While both IOP and PHP programs provide intensive care for those in recovery, the necessary time commitment and, accordingly, the level of support available are generally the biggest differences.
PHPs are intense commitments. This kind of program combines individual and group strategies for a comprehensive approach that spans hours a day most days of the week. This significant time requirement ensures structure and dedication on the part of participants, which makes PHPs ideal for those just finishing inpatient rehabilitation or those who need help managing cravings or withdrawal symptoms. PHPs offer more freedom than an inpatient facility but plenty of programming to keep participants accountable.
IOP programs can be a starting point but are also a possibility following the successful completion of a PHP. These programs are more flexible and require a reduced time commitment but still keep individuals engaged in the recovery process. However, with fewer meetings and thus fewer hours to dedicate to recovery, participants must hold themselves accountable far more than when completing a PHP. IOPs aren’t ideal for those still managing cravings or who are likely to give in to temptation in a less structured environment.
Why Are There So Many Options?
So why aren’t outpatient treatments one-size-fits-all? The answer is simple: because addiction isn’t the same in everyone. People have various experiences with substance use and require differing levels of support to break through their barriers. Some may require inpatient detox and rehabilitation, while others may be able to regain control by completing an intensive outpatient program. It all depends on an individual’s unique needs to best see results. Making the right choice generally comes down to a few different factors:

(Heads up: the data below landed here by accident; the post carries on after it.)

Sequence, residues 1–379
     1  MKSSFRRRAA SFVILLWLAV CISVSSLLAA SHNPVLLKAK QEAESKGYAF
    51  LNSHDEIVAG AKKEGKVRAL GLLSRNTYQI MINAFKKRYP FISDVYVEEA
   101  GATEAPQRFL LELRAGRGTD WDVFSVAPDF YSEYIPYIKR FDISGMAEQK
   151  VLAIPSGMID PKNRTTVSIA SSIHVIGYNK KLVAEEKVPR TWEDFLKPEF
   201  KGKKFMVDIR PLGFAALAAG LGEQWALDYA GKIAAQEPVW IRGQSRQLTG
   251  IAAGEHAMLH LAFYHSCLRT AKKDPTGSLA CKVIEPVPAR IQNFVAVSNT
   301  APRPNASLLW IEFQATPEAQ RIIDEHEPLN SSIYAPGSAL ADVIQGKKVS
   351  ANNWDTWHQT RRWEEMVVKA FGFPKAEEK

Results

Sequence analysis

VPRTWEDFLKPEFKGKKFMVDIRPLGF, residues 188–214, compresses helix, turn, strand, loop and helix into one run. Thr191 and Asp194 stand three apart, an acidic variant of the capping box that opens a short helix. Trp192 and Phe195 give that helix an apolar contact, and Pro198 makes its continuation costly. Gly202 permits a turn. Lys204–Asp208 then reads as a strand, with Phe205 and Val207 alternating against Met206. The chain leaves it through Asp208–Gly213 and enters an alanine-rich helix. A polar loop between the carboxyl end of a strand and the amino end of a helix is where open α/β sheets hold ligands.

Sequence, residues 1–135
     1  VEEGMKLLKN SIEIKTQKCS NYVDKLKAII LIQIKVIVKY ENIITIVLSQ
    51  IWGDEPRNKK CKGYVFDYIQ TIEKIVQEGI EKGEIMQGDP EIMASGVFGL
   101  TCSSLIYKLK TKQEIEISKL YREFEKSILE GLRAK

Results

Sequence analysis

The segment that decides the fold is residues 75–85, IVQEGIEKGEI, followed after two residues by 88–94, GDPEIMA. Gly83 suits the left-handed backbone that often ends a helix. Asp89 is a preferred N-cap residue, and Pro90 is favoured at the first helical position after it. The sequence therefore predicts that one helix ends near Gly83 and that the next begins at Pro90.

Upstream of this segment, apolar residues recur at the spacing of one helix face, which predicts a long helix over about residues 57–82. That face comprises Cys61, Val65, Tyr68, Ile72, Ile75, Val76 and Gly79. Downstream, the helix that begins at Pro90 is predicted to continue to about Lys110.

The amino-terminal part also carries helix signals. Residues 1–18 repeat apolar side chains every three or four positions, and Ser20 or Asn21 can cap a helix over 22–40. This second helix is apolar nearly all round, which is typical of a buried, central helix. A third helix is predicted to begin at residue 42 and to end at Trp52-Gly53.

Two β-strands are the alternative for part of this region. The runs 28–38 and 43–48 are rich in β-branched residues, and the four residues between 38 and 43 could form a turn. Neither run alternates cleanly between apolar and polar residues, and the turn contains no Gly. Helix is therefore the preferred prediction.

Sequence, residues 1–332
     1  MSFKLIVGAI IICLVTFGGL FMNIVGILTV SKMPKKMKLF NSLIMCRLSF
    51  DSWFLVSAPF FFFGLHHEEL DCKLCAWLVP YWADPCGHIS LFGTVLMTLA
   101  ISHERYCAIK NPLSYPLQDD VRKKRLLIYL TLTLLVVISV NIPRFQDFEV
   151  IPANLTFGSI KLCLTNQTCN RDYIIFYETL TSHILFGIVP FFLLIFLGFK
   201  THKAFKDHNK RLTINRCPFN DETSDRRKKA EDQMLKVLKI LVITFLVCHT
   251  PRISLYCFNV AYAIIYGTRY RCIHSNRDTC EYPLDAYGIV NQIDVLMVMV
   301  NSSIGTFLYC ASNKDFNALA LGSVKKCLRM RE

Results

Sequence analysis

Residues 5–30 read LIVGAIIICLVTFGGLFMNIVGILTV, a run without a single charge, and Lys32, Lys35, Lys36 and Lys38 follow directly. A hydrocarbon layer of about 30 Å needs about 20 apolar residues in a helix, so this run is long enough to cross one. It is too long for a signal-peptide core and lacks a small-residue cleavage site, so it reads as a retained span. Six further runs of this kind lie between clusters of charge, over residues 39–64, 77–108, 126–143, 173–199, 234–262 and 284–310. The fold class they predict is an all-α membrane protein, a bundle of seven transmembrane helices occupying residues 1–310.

- Budget: In the United States, health care can be expensive. Inpatient programs are, of course, the most costly, and pricing for outpatient programs usually varies by intensity and duration. In many cases, insurance or Medicare/Medicaid can cover some or all of the cost of care, and some programs have scholarships or low-income options. However, if that’s not a possibility, affordability may be a factor.
- Structure: Some people will require more structure than others depending on the course of rehabilitation. Someone with excellent self-discipline may overcome addiction through occasional group sessions, while others will require inpatient care and outpatient step-down programs to stay on the right road. Outpatient care comes in multiple forms to best accommodate structure in recovery.